Stanley, Thomas

, an accomplished scholar and poet, connected, though in an oblique line, with the illustrious family of Derby, was the descendant of a natural son, Thomas Stanley, of Edward earl of Derby. His father was sir Thomas Stanley of Laytonstone, in Essex, and Cumberlow, in Hertfordshire, knight, by his second wife, Mary, daughter of sir William Hammond, of St. Alban’s-court in the parish of Nonington between Canterbury and Deal. He was born in 1625, and was educated in his father’s house, under the tuition of William Fairfax, son of Edward Fairfax, of Newhall, in the parish of Ottley, in Yorkshire, the celebrated translator of Tasso. From thence he was sent in 1639 as a fellow-commoner to Pembroke-hall, Cambridge, where he distinguished himself by his proficiency in polite learning; having still, as he had in more advanced years, the advantage of Mr. Fairfax’s society, as the director of his studies. In 1641, the | degree of M. A. was conferred on him per gratiam, along with prince Charles, George duke of Buckingham, and others of the nobility.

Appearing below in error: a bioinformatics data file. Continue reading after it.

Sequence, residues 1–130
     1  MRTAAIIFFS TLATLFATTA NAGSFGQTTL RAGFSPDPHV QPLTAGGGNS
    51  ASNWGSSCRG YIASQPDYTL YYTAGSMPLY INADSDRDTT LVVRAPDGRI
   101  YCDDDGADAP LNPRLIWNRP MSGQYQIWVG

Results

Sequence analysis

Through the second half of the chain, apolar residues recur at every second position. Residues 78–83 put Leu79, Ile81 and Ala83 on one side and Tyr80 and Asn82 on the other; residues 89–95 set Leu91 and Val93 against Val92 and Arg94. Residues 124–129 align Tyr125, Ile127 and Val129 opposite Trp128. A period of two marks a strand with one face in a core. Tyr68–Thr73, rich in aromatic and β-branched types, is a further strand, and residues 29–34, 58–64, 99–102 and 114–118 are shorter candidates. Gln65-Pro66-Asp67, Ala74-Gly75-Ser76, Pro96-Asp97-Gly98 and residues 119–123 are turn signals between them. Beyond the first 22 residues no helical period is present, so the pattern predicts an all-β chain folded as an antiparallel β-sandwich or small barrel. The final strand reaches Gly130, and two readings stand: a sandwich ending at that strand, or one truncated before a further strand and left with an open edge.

Having spent some time in foreign travel, he took up his residence, during the usurpation, in the Middle Temple, where he formed a friendship and community of studies with his first cousin, E’iward Sherburne, afterwards sir Edward, the poet and translator, who dedicated his poems to Stanley. These ingenious men arrived at the Temple about the same time, from the unfortunate surrender of Oxford to the parliament forces. Stanley, as Wood says, now “became much deserving of the commonwealth of learning in general, aad particularly for the smooth and genteel spirit in poetry, which appears not only in his genuine poems, but also from those things he hath translated out of the ancient Greek and Latin, as the modern Italian, Spanish, and French poets.